Of course, as we'll hear today, not every Texas voter had such a smooth experience a few weeks ago during the primary election. And the facts are clear: utter incompetence by an inexperienced and unqualified Democrat appointee caused the largest elections disaster in Texas history.

That's why I'm so thrilled that we are joined today by Cindy Siegel, a CPA who leads the Harris County, Tex., Republican Party. In Texas, the county political parties control the primary election process, and, in the larger counties like Harris County, they contract with the county government to run the election. In Harris County this year, both the county Republican Party and the county Democrat Party made the reasonable decision to contract with their election administrator's office to administer the primary election. And both parties suffered the consequences of her incompetence. A week after the primary, both party chairs were quoted in the Houston Chronicle—the Democrat chair calling for an investigation of Democrat Isabel Longoria, and Ms. Siegel arguing for independent state oversight of Harris County's upcoming elections in order to ensure voters' confidence in the process.

Many of the folks commenting on these issues have read about them in the press. Not Ms. Siegel. She lived them. She and her team took calls from voters frustrated that their polling place hadn't opened five hours after voting began. She heard from voters upset that numerous races didn't appear on their ballots because Isabel Longoria and her team used the wrong size paper. They listened to Longoria offer excuses about why ballots wouldn't be counted in the amount of time required by state law, only to deny those comments later in the press. When Republicans offered to assist with the count, she declined. Finally, Ms. Siegel was there when Harris County admitted it had "misplaced" 10,000 primary election ballots—hardly a small mistake but one that wouldn't have been detected if it weren't for Texas's new election integrity statute, SB 1.

Democrats like to suggest pretty frequently and with varying levels of hyperbole that Republicans fight tooth and nail to "suppress" votes. I can think of no greater "voter suppression" effort over the past few decades than what Democrat Isabel Longoria achieved in a few short hours in Harris County earlier this month: polls closed; machines missing; machines broken; ballots missing races or the wrong ballot given altogether; thousands of ballots missing and found at the last minute; and a count that took 31 hours to complete—and one Longoria completed as "quickly" as she did only because of a state court order telling her that the law required her to do so.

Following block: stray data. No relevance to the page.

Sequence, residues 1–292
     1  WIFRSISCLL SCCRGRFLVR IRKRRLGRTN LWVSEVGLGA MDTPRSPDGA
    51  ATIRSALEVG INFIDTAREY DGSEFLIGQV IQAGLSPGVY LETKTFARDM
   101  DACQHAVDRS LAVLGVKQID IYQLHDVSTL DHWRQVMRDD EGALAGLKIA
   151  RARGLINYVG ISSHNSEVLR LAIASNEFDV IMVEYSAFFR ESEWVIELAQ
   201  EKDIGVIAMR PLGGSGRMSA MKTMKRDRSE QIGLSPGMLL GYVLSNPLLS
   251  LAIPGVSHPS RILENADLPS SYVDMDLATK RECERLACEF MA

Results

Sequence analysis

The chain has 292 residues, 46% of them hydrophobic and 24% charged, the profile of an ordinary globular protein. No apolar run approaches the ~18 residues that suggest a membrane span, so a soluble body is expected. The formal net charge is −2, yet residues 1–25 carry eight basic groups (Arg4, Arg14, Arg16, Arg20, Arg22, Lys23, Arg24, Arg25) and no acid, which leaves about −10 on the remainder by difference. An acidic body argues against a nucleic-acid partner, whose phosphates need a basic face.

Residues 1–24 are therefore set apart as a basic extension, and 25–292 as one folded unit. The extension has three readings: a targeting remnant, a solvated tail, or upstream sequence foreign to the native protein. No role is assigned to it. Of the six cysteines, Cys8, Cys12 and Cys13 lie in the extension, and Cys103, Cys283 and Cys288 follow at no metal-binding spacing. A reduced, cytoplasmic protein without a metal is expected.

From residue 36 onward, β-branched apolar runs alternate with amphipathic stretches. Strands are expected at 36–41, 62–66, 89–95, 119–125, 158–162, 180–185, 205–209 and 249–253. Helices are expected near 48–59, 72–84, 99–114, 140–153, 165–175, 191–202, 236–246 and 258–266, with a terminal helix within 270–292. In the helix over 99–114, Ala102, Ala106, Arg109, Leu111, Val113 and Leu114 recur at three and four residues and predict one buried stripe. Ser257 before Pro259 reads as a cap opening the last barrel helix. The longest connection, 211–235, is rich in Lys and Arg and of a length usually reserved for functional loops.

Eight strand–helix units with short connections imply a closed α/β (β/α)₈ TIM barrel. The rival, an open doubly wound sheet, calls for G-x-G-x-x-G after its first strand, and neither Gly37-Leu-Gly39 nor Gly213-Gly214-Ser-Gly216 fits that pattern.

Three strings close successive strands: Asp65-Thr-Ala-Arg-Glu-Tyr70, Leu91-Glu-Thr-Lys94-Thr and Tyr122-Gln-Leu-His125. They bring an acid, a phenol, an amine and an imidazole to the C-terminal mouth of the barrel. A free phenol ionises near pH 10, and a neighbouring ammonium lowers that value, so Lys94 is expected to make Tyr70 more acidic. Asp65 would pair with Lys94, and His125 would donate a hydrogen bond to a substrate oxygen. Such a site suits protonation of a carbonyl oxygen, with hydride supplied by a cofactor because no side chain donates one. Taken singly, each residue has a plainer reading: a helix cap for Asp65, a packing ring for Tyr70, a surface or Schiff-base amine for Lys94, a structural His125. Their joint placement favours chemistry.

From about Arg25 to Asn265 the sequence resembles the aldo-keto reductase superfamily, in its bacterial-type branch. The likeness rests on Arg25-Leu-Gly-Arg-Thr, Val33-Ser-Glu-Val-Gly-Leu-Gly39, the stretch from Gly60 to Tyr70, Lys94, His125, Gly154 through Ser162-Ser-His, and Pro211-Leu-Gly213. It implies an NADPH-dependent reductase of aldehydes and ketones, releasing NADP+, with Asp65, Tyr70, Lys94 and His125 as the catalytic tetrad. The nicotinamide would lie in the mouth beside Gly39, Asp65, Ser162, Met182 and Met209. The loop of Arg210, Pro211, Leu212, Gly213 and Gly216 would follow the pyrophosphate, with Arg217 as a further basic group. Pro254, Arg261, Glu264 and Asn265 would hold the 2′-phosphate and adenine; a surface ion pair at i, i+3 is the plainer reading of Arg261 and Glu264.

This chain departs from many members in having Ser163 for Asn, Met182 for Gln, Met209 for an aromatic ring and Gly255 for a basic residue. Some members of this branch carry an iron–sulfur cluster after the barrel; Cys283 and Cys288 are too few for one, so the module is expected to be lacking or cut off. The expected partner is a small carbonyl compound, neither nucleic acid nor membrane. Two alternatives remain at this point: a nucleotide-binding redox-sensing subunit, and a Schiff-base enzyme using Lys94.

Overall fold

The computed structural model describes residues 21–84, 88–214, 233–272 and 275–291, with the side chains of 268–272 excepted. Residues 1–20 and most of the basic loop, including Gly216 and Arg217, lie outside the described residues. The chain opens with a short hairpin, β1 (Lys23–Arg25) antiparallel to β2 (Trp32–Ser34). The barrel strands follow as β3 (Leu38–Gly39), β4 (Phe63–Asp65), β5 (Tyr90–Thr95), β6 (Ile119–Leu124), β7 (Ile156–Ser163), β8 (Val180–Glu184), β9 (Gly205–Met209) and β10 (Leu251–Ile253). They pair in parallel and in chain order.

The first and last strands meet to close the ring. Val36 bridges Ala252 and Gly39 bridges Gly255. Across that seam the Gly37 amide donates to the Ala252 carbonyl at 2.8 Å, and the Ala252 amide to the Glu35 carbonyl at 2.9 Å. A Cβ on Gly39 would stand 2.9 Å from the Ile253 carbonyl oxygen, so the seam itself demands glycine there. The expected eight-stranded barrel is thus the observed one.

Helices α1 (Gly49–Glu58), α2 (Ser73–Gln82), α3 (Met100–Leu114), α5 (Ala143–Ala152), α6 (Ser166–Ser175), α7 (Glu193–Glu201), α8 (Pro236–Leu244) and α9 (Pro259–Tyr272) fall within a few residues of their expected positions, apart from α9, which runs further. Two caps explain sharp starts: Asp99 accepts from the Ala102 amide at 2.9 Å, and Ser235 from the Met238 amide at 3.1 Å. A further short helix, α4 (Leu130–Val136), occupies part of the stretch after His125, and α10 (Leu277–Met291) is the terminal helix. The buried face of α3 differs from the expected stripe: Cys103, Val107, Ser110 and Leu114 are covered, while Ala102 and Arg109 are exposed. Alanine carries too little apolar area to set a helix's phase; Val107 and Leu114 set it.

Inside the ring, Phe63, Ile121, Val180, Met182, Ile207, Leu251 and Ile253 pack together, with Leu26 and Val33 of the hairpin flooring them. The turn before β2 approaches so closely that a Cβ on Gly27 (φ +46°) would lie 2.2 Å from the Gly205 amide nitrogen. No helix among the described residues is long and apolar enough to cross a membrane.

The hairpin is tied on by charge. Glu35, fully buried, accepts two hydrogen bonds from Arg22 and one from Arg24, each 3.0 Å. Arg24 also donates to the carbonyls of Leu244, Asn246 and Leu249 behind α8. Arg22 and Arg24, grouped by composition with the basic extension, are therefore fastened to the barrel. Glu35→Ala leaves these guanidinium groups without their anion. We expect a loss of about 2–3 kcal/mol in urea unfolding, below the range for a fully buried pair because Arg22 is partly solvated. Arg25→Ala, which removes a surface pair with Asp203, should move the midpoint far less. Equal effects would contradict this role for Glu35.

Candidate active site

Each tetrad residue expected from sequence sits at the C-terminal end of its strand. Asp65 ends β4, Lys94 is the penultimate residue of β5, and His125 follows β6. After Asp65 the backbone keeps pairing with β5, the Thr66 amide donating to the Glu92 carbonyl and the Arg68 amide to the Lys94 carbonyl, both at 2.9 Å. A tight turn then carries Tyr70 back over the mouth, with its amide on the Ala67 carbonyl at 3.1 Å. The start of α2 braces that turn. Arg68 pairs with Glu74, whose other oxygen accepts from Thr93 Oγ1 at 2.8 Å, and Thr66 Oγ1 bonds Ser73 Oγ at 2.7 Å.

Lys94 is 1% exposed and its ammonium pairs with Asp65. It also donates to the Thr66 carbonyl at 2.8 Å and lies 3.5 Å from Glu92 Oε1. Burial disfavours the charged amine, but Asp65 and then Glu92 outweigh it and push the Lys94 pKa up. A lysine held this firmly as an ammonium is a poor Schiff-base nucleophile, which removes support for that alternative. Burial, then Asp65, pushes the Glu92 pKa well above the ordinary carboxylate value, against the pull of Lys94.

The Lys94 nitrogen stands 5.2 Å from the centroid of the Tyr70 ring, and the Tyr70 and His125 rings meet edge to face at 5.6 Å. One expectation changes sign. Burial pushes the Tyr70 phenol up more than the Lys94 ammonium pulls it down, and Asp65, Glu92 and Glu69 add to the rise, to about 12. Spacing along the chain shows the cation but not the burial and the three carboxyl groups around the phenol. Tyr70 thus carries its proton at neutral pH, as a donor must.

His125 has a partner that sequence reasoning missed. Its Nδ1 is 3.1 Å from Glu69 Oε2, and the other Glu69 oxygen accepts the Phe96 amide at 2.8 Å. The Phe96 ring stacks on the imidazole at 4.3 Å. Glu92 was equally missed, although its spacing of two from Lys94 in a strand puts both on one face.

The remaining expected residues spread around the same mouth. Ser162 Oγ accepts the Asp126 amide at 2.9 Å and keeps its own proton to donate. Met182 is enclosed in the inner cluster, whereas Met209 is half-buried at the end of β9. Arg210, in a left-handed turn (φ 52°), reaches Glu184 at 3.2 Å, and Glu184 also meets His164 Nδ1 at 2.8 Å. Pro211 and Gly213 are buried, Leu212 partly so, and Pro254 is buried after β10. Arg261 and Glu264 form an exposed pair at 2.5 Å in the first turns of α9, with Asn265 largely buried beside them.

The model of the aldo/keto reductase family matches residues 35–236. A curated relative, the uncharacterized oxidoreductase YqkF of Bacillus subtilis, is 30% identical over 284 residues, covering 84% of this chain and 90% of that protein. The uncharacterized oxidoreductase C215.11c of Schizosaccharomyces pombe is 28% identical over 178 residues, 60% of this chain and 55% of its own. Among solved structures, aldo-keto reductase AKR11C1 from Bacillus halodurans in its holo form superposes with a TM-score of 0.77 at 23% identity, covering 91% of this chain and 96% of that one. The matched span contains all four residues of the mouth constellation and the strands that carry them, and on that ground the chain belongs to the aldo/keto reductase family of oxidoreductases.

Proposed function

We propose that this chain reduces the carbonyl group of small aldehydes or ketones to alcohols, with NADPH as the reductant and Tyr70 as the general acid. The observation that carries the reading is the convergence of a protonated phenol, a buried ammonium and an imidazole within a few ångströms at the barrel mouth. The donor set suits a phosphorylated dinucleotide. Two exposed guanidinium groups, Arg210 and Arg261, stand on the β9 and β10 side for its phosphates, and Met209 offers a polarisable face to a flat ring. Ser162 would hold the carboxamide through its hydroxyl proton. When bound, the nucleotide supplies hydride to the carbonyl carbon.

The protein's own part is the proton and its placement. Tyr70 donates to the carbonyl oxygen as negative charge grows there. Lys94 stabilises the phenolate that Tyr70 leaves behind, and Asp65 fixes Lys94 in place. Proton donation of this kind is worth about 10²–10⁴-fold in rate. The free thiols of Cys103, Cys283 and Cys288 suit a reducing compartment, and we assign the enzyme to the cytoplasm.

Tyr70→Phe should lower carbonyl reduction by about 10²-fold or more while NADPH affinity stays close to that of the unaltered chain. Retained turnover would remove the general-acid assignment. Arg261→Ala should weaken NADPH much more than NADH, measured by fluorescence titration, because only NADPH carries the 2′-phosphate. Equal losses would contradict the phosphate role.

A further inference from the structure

In many corners of this country, we have a crisis of voter confidence. For many, their faith in elections themselves has been shaken. Now, we can argue as to when this trend began—whether it was Democrats objecting to the Electoral College in 2001 or something else—but the fact of the matter is that—quoting from the Houston Chronicle here—Democrat Isabel Longoria's "litany of errors and alarming display of incompetence mired the reporting of primary voting results, prompting . . . ordinary voters to wonder if their ballots were really counted."

In America, the ballot box is sacred, and nothing should come between an eligible voter and his or her ballot—not illegal discrimination, not ballot harvesters, and especially not the very person they've entrusted to count their ballots fairly, accurately, and quickly—their elections administrator.

I've spoken to hundreds of qualified and competent elections administrators all across the country as part of my Faith in Elections Project. Those folks have one of the hardest jobs in the country, and the overwhelming majority of elections officials of both political stripes conduct themselves with skill and integrity
. But not in Harris County.

I wish Isabel Longoria the best in her future endeavors, so long as she stays as far away as possible from counting ballots.

I yield back.